AB 1897 Hiring Temporary Workers has its Risks

AB 1897 Hiring Temporary Workers has its Risks

Effective Jan. 1, 2015, California’s Assembly Bill 1897 created a shared liability between companies that hire temporary workers and their supplying vendors (as in temp agencies, for example). This shared liability has to do with wage violations and workers’ comp. coverage.

What it means to you, the hiring company, is that you’re potentially responsible should there be an issue with the vendor you contract with. For example, if that vendor does not provide proper pay or workers’ comp. coverage to their workers, you could be on the line when something goes wrong.

Who does this law apply to?
AB 1897 applies to all California businesses with 25 or more employees that obtain at least six temporary workers to assist with the usual course of business at any given time.

Usual course of business, according to AB 1897, means “the regular and customary work of a business, performed within or upon the premises or worksite of the client employer.”

The exceptions in the bill are laid out as follows:

  • A business entity with a workforce of less than 25 workers, including those hired directly by the client employer and those obtained from, or provided by, any labor contractor.
  • A business entity with five or fewer workers supplied by a labor contractor or labor contractors to the client employer at any given time.
  • The state or any political subdivision of the state, including any city, county, city and county, or special district.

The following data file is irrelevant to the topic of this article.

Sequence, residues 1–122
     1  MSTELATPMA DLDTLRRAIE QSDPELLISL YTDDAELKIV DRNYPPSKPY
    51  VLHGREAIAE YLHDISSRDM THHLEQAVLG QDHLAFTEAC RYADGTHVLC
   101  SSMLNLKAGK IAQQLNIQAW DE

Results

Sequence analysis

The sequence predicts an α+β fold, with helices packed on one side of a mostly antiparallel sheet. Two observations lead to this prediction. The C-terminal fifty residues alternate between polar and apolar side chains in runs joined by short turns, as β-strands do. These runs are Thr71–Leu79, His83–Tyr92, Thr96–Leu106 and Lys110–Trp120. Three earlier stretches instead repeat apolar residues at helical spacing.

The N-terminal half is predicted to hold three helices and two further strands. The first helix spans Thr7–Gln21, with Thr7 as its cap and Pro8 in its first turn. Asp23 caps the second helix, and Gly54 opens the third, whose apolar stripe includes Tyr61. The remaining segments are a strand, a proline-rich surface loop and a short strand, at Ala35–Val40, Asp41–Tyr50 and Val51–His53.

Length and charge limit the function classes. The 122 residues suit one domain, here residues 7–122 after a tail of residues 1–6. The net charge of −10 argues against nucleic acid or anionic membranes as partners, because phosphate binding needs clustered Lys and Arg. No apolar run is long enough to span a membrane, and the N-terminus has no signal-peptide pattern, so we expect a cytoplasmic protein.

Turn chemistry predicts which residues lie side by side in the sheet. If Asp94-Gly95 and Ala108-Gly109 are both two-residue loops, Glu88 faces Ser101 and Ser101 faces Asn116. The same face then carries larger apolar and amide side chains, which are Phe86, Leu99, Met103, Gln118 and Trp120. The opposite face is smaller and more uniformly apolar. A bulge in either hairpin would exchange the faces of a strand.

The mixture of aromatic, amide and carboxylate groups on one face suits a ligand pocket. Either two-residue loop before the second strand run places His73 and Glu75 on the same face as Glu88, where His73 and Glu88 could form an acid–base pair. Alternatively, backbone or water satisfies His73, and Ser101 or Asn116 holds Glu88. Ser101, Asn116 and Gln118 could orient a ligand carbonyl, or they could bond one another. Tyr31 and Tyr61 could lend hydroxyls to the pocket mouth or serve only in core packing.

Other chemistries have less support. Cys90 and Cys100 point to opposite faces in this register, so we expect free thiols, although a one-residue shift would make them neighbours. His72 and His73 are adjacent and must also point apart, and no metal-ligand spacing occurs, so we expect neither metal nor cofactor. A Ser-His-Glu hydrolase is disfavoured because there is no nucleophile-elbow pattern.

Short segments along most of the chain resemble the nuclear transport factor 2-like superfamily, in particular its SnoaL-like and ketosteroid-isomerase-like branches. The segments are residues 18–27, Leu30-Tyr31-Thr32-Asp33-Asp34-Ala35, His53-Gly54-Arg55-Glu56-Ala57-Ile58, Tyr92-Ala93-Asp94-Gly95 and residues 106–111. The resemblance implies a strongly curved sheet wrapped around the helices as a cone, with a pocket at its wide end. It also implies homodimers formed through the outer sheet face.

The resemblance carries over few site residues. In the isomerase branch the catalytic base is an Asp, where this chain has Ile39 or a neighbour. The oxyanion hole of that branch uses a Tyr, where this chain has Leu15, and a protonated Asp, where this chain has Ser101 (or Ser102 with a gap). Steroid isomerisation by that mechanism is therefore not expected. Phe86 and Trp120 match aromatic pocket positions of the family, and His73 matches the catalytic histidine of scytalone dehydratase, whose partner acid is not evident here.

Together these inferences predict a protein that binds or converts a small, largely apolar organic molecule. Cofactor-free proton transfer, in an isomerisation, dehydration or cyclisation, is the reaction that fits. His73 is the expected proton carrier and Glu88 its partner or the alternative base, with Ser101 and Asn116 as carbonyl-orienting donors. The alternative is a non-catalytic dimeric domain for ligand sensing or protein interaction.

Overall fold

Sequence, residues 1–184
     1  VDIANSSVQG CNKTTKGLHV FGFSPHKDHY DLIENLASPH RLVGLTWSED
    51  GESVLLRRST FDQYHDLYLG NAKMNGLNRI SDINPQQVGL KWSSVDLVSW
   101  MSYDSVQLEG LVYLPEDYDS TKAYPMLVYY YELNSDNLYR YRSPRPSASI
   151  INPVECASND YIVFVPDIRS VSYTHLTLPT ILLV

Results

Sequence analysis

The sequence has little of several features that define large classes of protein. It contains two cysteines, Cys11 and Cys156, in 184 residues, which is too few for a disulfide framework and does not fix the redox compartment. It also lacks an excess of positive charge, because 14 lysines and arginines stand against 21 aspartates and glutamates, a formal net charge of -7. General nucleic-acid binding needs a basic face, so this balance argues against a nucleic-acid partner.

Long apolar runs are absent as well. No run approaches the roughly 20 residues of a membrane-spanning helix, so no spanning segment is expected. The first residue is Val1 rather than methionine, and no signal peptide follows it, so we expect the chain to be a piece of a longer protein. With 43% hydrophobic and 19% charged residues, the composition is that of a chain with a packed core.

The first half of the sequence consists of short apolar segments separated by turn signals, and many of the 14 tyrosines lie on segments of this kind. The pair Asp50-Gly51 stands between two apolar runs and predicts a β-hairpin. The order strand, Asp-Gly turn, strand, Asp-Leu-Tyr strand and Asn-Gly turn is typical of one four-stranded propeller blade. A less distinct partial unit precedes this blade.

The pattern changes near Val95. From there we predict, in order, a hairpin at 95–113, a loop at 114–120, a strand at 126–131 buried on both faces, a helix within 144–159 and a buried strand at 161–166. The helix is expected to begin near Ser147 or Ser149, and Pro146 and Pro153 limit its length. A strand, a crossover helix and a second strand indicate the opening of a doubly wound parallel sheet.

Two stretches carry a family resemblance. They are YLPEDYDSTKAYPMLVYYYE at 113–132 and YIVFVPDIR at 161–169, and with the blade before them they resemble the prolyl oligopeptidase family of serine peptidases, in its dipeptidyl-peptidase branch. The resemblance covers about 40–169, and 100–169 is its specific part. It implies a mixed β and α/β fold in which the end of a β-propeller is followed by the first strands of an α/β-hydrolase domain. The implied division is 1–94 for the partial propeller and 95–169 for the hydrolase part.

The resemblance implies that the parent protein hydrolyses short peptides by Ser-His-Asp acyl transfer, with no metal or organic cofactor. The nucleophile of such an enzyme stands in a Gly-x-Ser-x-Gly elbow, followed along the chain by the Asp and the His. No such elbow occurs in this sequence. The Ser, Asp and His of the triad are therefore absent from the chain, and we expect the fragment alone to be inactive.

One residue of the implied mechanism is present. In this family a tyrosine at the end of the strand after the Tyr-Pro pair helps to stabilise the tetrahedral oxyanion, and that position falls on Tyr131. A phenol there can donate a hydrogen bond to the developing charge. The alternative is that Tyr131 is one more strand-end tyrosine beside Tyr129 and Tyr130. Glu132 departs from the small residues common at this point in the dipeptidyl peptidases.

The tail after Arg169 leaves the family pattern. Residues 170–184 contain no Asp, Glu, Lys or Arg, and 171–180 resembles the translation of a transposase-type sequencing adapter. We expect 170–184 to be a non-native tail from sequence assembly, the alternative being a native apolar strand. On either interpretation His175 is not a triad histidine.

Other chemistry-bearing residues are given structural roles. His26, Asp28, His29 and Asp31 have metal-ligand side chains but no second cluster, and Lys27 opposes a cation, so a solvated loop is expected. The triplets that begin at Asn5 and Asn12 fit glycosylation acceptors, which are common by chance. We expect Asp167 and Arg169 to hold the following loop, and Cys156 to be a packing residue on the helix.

Also, there are exceptions to what constitutes a labor contractor (aka the contract worker supplier), which you can find in the link to the bill as well.

Basically, it includes nonprofits providing services to workers, motion picture payroll services, labor organizations or apprenticeship programs and certain arrangements under some employee leasing agreements.

What to Do to Mitigate Risk

AB 1897 authorizes the “Labor Commissioner”, the Division of Occupational Safety and Health, and the Employment Development Department to adopt necessary regulations and rules to administer and enforce the bill’s provisions.”

So if the law applies to you, do your due diligence to ensure the supplier you work with is fully compliant in paying the proper California wages, that it carries valid workers’ compensation coverage and is also compliant with OSHA regulations.

Here are a few extra steps you can take to mitigate risk:

  1. The Contract. Consider language in your agreement with every labor supplier that includes indemnification and hold harmless provisions that would require the supplier to protect your company for their failure to comply with requirements under AB 1897.
  2. The Evidence. Require labor contractors to supply evidence of general liability and workers’ comp. insurance.
  3. Monitoring Risk. Monitor the labor contractor’s compliance with insurance requirements through certificates of insurance, and verify that labor contractors are compliant with safety, wage and hour laws.

Source: Woodruff-Sawyer and Company / Darren Cartwright

This document has been provided for informational purposes only and is not intended and should not be construed to constitute legal advice. Please contact your employment attorney in connection with any fact-specific situation in which you intend to take significant employment action. Readers agree that they will not hold Payroll Masters in indemnity and Payroll Masters assumes no liability. Payroll Masters is not engaged in rendering legal or accounting services. Therefore, Payroll Masters assumes no responsibility for claims arising from the use or implementation of the above information.